Raji: An Ancient Epic is a fun platformer that mixes in some light puzzle elements as well as different kinds of combat. It is an action-adventure game from the team at Nodding Heads Games, located in Pune, India. The story of Raji is heavily influenced by Indian culture and some of the legends within. Without spoiling the overall story, the basic premise is that you play as Raji, a woman who has had her brother kidnapped by some demons and you need to get him back. Along the way, you will face many challenges and have to fight different types of enemies. As I was making my way through the story, I did enjoy the different weapons that I discovered and became pretty proficient in quickly switching between them during the heat of battle. There are melee weapons available to you as well as ranged weapons. To be successful you will need to learn how to use each one effectively and for me, I felt one of the best strategies in combat was to keep moving. Don’t stay stationary for too long or you might regret it. One of the things that I appreciated about the combat in this game was that at times it was hard, but it was fair. If I kept getting killed in one area it was because I kept screwing up and I had to adopt a different strategy to move on. I didn’t feel anything was cheap, I just needed to approach the situation differently and as I got farther into the game, I needed to practice more defense than I was utilizing early on.
As soon as I started Raji: An Ancient Epic I was in awe of the beautiful environments. I believe this is the first title out of Nodding Heads Games and it looks fantastic. You could really see the Indian inspiration throughout the game, through the storytelling, and how you learned about the different gods as you progressed throughout your journey. As you learned about some of the legends, there were times you would receive a new weapon or skill point to help you overcome challenges that you were about to face. The is a skill tree which is where you can put these skill points to good use, deciding which powers you want to learn and how powerful you want them to be. For example, there are three different fire powers you can learn with each one having three different power levels. You have to make the decision on whether you want to learn all three powers or maybe just get full power on one of them. I think you might be able to do it all but I didn’t find all of the skill points during my initial playthrough so I am not 100% sure on that. Regardless, I found this system easy to use and these new powers definitely saved me on a number of occasions when I was surrounded by enemies and trying to survive.
As I mentioned up above, Raji: An Ancient Epic does feature some light puzzle solving as well. You probably shouldn’t spend more than a couple minutes on any one puzzle though. They are very accessible and anyone should be able to figure them out. One of the puzzle types is you standing on a circular painting on the ground having to line everything up, which will get you a little bit more backstory on the characters. Another puzzle that you will tend to find at the end of a lot of the levels is trying to bring a tree back to life. You do this by making sure everything is in its correct place so that the tree can thrive once again and everything will go back to how it should have been. There are also levels that look like they might be a bit of a maze at first but as I fought my way through them it turned out they weren’t hard to navigate at all, which I appreciated.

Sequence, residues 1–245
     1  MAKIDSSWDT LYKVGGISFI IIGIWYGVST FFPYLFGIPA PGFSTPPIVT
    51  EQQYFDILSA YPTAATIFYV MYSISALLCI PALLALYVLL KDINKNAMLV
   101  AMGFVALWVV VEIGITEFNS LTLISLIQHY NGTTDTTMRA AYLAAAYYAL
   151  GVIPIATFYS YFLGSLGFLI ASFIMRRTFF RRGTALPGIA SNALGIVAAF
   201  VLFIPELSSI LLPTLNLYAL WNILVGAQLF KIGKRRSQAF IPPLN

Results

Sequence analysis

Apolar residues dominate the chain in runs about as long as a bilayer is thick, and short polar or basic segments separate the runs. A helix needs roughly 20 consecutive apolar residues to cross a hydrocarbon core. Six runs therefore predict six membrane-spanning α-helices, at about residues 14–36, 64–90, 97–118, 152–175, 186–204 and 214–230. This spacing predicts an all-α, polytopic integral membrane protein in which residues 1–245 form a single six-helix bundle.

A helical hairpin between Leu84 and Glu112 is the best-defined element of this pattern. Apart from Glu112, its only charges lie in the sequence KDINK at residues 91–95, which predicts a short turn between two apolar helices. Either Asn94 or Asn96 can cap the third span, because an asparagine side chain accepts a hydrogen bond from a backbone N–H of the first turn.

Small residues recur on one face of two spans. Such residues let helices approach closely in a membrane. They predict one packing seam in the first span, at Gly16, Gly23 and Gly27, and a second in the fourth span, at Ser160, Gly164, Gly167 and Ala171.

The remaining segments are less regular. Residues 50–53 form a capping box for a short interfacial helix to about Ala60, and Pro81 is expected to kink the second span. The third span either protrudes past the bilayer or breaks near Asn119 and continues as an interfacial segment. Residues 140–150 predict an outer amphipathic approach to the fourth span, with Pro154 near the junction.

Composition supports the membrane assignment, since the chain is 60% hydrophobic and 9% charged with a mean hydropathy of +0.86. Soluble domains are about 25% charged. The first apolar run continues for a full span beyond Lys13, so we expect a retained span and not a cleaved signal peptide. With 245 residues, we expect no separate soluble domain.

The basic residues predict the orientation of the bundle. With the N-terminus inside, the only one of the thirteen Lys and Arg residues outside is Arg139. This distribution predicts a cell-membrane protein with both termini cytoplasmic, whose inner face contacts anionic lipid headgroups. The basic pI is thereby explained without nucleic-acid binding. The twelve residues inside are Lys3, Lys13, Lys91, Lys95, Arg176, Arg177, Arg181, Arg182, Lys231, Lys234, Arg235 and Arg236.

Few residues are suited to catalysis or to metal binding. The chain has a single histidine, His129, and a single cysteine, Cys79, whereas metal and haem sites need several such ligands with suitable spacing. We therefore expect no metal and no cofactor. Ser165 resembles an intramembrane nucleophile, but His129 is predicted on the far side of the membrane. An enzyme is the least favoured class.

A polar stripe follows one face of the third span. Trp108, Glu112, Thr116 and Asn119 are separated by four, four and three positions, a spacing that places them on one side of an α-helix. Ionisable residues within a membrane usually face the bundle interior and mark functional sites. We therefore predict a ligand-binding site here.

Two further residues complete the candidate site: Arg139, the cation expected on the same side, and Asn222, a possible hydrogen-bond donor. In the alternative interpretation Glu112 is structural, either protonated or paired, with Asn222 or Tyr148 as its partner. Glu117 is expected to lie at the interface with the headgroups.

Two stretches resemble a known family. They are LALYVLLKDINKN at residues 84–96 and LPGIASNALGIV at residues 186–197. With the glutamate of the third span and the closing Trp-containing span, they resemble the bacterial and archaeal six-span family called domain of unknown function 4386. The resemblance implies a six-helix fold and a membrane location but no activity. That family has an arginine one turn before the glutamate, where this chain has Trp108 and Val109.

With all of the above said, I enjoyed my time with Raji: An Ancient Epic but there are some problems with the game. The first is the camera angle at times. You don’t control the camera at all here and that makes some of the jumps tricky towards the later stages of the game. Fortunately the checkpoint system works well here and I wasn’t penalized too much if my character failed to make a jump, but it was a little annoying nonetheless. The platforming sections seemed a tad floaty at times and the controls didn’t always do what I wanted. Now this didn’t happen all of the time and I was able to make it through the game and see the story to completion, but the few instances it did happen were a tad frustrating. Another problem for me is that once I beat the game, it immediately sends me back to the beginning with no course of action other than to start from square one again. There isn’t a New Game Plus or even the ability to load a save in case I want to play a later stage again. I tried pushing all of the buttons on the controller to see if there was something I was missing so if there is a way to play some of the later levels, I certainly couldn’t find it.
Raji: An Ancient Epic is a fun platformer and a really great first effort by Nodding Heads Games. It isn’t perfect but I enjoyed the story it told and seeing just a small slice of Indian culture. I’m excited to see what they have in store for future games, whether we get a sequel to Raji or something else entirely. If you like fun action-adventure games with some platforming, light puzzle elements, and combat, and you want to support an up and coming indie studio, be sure to check out Raji: An Ancient Epic.
Originally posted on Gaming Target